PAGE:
How to Measure Humility

Many organizations rely on a combination of performance data and gut instinct to identify future leaders. However, leveraging assessments creates a more holistic, objective and future-facing process for spotting leadership potential. Successful leaders empower their teams and lead with humility.

Despite humility not being a characteristic traditionally linked with successful business leaders, it is an integral part of moral leadership. It can open people up to the possibility of making (and learning from) mistakes, to recognize the contributions from others, and to foster an environment of honesty and openness.  

Humility is one of the areas measured in our ADEPT-15® personality questionnaire and forms part of the Teamwork Style (together with Cooperativeness and Sensitivity). The Teamwork Style is one of six broad workstyles. 

How is Humility Seen in Behavior?

Those scoring high on Humility are likely to come across as being sincere and modest, not motivated by material gain. Those at the other end of the scale may appear as more boastful about their own achievements and particularly effective at creating circumstances and positioning people.

Here’s a look at some upsides for scoring at either end of the scale – and some of the things to watch out for.

   The Leverage Points

Those scoring high on the Humility scale are likely to be:

  • Sincere, open, and honest with others.
  • Modest about personal strengths and achievements.
  • Hesitant to take personal credit for success.

Those scoring low tend to be:

  • Confident advocates for their own interests.
  • Effective at positioning people and circumstances.
  • Interested in status, acquiring material things, and impressing others.

  The Watch-Outs

Watch out for the following with high-scorers on Humility:

  • Not being very motivated by material gain or status.
  • Less effective in advocating for own interests.
  • Uncomfortable engaging in political maneuvering.

Watch out for the following with low-scorers on Humility:

  • Calculating, willing to flatter or manipulate others.
  • Boastful about own strengths/accomplishments.

The Role of Humility in the Workplace

By understand an individual’s humility, we can understand how he or she might act and interact with others.

Modeling Integrity

Because those with high Humility are not motivated by personal status, they focus on the interests of others (e.g., team, organization) and put those needs in front of their own. As such, they have a stronger ability to analyze situations and weigh the consequences of their actions in terms of their effects on other people, their morality, and their consistency with what one has promised to do.

In my experience, integrity goes hand in hand with trustworthiness. We look at this from a two-pronged approach: the first being around impulse control, and the second around ethical awareness. Those two together fill that spectrum of trustworthiness. You can read more about Trustworthiness, in our article - Why Does Trust Matter?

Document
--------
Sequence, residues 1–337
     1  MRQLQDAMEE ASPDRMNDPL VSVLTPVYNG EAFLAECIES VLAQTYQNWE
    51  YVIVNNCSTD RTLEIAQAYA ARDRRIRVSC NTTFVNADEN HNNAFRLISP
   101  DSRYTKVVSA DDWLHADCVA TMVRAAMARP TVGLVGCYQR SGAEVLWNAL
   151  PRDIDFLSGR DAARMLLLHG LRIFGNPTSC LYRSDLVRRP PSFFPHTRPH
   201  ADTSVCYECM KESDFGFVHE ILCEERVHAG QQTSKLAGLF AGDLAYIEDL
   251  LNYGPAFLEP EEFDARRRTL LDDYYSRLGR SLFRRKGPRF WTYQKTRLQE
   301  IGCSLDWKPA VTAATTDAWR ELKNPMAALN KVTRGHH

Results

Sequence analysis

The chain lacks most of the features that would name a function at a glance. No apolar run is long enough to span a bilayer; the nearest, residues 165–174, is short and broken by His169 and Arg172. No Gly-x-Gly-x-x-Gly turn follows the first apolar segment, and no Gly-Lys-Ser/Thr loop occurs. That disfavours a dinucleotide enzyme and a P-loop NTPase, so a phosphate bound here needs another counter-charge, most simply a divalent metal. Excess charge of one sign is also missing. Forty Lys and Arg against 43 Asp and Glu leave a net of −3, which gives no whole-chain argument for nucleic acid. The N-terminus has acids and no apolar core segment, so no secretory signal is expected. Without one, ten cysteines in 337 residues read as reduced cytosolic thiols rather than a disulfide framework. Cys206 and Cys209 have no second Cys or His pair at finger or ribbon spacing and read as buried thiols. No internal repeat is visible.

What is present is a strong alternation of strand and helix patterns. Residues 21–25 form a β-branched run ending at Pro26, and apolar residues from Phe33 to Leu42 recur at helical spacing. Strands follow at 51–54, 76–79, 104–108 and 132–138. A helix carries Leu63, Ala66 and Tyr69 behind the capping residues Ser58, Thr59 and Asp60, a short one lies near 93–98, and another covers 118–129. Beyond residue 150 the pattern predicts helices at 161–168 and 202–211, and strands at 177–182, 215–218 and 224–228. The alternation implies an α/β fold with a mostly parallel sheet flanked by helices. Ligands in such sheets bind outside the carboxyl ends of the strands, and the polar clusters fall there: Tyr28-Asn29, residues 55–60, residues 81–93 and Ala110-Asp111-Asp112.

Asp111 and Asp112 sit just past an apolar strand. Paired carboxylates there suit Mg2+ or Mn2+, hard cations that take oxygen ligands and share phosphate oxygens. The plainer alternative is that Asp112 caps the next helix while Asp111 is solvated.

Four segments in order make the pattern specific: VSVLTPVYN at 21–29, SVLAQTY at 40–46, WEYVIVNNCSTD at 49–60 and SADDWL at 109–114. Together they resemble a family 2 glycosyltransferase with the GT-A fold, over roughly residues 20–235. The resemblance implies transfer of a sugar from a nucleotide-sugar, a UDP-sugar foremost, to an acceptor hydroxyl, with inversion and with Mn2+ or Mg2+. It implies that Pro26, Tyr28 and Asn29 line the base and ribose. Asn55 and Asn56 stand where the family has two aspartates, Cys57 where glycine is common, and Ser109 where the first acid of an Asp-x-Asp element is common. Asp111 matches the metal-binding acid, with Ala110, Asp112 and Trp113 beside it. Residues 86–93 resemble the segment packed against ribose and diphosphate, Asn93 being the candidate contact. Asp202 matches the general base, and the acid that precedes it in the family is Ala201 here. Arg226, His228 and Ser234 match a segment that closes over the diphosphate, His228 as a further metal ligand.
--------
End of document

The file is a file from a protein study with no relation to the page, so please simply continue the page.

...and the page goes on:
Displaying Transparency and Candor

High scorers on Humility will be perceived as sincere and genuine and will be more likely than others to be humble and honest in their interactions.

Authentic Leadership

Those with high Humility scores have a genuine nature that leads their employees to feel safe approaching them with problems, knowing that they will provide honest advice without the fear that they will share this information with others.

Compensating for the Humility Score

Depending on the location of the score on the scale, you might want to check out other ADEPT-15® scale scores to understand how these may temper or compensate for the watch outs on the Humility score. 

When Humility scores are low, we need to look at other scales:

  • Higher Awareness scores can help ensure low scorers engage with others in a socially appropriate manner to overcome the risk of being too boastful about personal strengths/accomplishments.
  • Higher Cooperativeness scores to help ensure low scorers are collaborative and work well with others instead of “stepping on toes” or undermining colleagues to achieve greater social status.

When an individual has a high Humility score, look elsewhere in the profile for:

  • Higher Assertiveness, Ambition, and/or Power scores. These can help overcome the risk of not advocating for themselves or their team.

You can read more about The Power of Humility in our article.

Read our guide, Reshape and Optimize Your Workforce, to learn how to use data from personality assessments to pinpoint the specific qualities that are proven to be linked to success in leadership roles in your workforce.


About ADEPT-15®

ADEPT-15® is the most advanced, secure, and award-winning* personality test available. With over 50 years of personality, leadership, and psychometric research combined with an adaptive approach to assessment design, ADEPT-15® measures 15 personality traits critical to successful workplace performance. It looks at our preferences, work styles and tendencies as well as what gives us energy and our possible blind spots. It indicates our strengths and areas for development as well as the leadership style we may use, and how others may see us.

*M. Scott Myers Award for Applied Research & International Personnel Assessment Council Innovations in Assessment Award


About the Author

Aon creates smart measurement solutions with valid and innovative online assessment products. Aon is globally the preferred partner for organisations who demand the best.

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